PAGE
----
Figure 1 SEM images of silicon-supported and self-supported AAO membranes. (a) SEM image of the surface of silicon-supported AAO membrane. (b,c) SEM images of top and side views of a self-supported AAO membrane, respectively. (d,e) Pore diameter distribution for (more ...)
Both silicon-supported and self-supported membranes were used to grow CNTs and as templates in the CVD decomposition of acetylene. Figure
a shows a diagram of the formation of CNTs inside the AAO membranes. Figure
b corresponds to a SEM micrograph showing the surface of the AAO membranes after the CNTs have grown. CNTs occupy almost all the pores of the membrane, and their external diameter depends only on the AAO pore diameter. The tube lengths do not dependent on the synthesis time since they do not grow beyond the membrane thickness; they are limited by the extension of the pores. Figure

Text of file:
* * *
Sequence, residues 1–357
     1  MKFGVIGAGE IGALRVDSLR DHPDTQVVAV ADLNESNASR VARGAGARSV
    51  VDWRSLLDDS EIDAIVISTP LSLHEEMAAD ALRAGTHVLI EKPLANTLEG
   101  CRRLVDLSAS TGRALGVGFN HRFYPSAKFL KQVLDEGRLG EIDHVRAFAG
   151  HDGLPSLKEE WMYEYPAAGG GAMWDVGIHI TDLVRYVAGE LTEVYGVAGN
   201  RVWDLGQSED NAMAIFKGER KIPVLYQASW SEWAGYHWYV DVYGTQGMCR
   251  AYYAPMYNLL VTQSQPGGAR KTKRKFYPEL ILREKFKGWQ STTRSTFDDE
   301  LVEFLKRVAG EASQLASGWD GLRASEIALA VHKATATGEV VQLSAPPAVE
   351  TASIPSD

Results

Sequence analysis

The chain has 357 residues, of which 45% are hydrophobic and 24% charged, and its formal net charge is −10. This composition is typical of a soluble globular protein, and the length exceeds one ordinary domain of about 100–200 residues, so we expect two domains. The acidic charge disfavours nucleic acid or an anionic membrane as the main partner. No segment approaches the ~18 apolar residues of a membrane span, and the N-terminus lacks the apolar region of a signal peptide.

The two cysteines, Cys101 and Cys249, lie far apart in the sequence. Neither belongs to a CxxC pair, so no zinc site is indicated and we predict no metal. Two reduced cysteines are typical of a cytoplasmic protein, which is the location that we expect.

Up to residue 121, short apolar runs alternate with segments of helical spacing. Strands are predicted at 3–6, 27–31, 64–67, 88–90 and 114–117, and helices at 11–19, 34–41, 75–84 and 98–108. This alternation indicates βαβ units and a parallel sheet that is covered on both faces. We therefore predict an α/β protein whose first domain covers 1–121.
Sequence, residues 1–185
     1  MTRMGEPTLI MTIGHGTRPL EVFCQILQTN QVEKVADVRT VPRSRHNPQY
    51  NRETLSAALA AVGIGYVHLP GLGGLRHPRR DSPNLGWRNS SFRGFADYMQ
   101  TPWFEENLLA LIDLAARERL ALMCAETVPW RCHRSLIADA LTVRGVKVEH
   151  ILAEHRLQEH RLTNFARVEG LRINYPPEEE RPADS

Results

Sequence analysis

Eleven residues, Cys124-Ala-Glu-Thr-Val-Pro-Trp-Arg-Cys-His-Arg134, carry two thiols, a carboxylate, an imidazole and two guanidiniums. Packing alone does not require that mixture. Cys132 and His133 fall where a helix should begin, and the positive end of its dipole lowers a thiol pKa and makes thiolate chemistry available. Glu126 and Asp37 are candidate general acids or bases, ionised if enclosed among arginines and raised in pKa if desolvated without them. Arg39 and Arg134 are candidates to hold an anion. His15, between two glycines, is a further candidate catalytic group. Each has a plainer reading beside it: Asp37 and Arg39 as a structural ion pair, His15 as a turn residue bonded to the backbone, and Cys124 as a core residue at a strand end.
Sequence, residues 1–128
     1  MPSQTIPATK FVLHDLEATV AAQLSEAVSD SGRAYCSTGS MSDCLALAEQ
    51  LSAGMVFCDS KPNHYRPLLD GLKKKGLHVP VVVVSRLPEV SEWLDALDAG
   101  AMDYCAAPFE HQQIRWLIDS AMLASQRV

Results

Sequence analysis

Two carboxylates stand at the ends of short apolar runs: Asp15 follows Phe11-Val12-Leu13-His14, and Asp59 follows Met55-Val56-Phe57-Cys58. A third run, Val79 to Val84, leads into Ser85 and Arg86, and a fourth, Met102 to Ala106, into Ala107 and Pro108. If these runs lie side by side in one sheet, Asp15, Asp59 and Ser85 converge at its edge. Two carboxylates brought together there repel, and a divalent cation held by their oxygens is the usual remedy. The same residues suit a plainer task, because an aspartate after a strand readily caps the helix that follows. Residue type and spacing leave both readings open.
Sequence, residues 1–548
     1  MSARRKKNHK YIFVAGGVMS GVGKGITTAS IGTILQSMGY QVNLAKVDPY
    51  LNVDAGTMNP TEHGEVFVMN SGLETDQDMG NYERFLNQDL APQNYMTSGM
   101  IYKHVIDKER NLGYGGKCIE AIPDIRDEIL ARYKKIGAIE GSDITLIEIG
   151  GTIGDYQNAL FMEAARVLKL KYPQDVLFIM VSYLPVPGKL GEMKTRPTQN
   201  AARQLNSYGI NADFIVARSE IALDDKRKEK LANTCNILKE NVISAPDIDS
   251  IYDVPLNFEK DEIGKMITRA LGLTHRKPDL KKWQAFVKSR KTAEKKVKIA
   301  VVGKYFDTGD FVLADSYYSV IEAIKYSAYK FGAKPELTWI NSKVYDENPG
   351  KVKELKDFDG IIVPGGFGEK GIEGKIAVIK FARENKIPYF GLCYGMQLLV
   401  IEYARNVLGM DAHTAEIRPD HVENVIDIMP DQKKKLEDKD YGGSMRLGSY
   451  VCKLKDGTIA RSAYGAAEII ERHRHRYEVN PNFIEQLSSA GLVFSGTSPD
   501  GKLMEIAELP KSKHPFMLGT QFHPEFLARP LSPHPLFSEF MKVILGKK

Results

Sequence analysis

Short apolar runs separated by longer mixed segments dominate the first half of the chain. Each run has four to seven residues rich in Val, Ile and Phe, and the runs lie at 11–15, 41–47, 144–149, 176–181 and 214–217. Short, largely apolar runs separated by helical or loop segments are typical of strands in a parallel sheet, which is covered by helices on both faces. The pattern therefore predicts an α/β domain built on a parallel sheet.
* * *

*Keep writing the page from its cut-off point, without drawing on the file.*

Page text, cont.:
c shows the AAO-CNT membrane but with the alumina partially dissolved. From the exposed tips of the CNTs, it is possible to note that their growth is fairly well ordered inside the pores following the template array.
Synthesis scheme and SEM micrographs of CNTs. (a) Schematic representation of the CNT synthesis steps, (b) SEM micrograph of 30-min-grown CNTs inside an AAO template, and (c) SEM micrograph showing CNTs after partial dissolution of AAO by NaOH.
shows TEM images of the CNTs prepared using self-supported membrane at different synthesis times (10, 30, and 60